More Overtime (Cont.)
Like any coach, David Cutcliffe wants his team to take things "one game at a time." But when his team is Duke, and it hasn't been to a bowl game since 1994, and it's suddenly 5-1 and just one tantalizing victory away from ending that drought -- well, his players can focus on the next game (Saturday at Virginia Tech) AND start dreaming of that elusive postseason reward.
"I heard them chirping about it in the weight room today," Cutcliffe said Sunday afternoon. "I'm not going to be able to take their minds off [getting to] six wins. They're kids. Good for them. They've put themselves in this position."
Following a runaway 42-17 win over Virginia (2-4) Saturday, the Blue Devils are off to their best start since a 1994 Hall of Fame Bowl season. Both Saturday's victory and a 34-27 win over Wake Forest the week before illustrated the program's biggest area of improvement during Cutliffe's five years at the helm: depth. "It's not even in the same breath," said the former Ole Miss coach.
In years past, fans could count on Duke to put a scare into ACC foes for two or three quarters before wilting. However, when the Demon Deacons erased a 20-10 deficit late in the third quarter, the Blue Devils responded by forcing a pair of turnovers and reclaiming control. Against Virginia, Duke trailed 17-14 at halftime before outscoring the Cavaliers 28-0 in the second half. And this happened despite the fact that sophomore quarterback Anthony Boone, filling in for injured veteran Sean Renfree, was making his first career start (he threw for four touchdowns) and that an injury-ravaged defense was playing without five preseason starters.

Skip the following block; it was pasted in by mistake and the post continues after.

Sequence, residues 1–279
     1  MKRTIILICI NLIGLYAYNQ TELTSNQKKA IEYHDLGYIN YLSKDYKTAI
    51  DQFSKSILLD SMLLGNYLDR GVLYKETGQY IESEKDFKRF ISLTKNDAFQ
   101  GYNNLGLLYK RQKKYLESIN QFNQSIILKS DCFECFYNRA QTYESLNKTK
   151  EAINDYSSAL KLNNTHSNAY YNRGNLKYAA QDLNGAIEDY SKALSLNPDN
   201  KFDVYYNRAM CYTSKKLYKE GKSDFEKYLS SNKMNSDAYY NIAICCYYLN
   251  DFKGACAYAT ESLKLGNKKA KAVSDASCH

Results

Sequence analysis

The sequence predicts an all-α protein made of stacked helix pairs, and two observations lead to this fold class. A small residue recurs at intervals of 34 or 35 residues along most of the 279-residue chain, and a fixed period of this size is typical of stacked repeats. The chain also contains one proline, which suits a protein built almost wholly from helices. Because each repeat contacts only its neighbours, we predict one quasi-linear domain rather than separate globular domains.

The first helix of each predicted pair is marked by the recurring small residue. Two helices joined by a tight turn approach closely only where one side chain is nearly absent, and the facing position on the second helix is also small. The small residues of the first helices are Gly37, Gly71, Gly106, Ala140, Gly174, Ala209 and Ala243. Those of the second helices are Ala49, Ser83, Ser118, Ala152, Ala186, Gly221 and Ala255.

"That's something with this particular team that we hadn't completely mastered prior to this season," Cutcliffe said of the second-half resilience. "This team has got a lot of guys that have been in a lot of wars, they've invested a lot in this program, and they're not going to give it up."
Cutcliffe's program has come close to bowl eligibility before. In 2009, his second season in Durham, Duke started 5-3 before losing its last four games. But this more seasoned team, which features dynamic playmakers like receiver Conner Vernon (he became the ACC's all-time receptions leader Saturday with 239) and talented defensive backs like senior safety Walt Canty (53 tackles) and junior cornerback Ross Cockrell (four interceptions, 13 passes defended), seems better equipped to handle the stretch run. "We're still at a point where every game we play will be a physical challenge," Cutcliffe said.
Bowl eligibility is the obvious milestone, but Cutcliffe isn't ready to stop there. The Blue Devils are one of only two ACC Costal Division teams that don't yet have a conference loss (the other is Miami) and they're the only one with fewer than two losses on the season. "I think we can win the division," he said. "... I want them to stay hungry for more than [six wins.]"
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Mini-previews for three of Week 7's big games:
Oklahoma vs. Texas, Saturday (Noon ET): It's not like the old days when the Red River Rivalry often determined the eventual Big 12 South champion. In fact, with both teams already saddled with a conference loss, it may serve as a de facto elimination game for the round-robin league title.
Stanford at Notre Dame, Saturday (3:30 p.m. ET): Stanford quarterback Josh Nunes struggled in his first career road start at Washington, which doesn't bode well for the Cardinal's trip to South Bend to face a defense averse to allowing touchdowns. But Stanford's front seven will challenge Notre Dame's offense.
South Carolina at LSU, Saturday (8 p.m. ET): At this point, Steve Spurrier has exorcised nearly all of South Carolina's century-old demons. But there's still one left. It's time to find out whether the Gamecocks can shed their recent pattern of following up momentous wins with clunkers, especially on the road.
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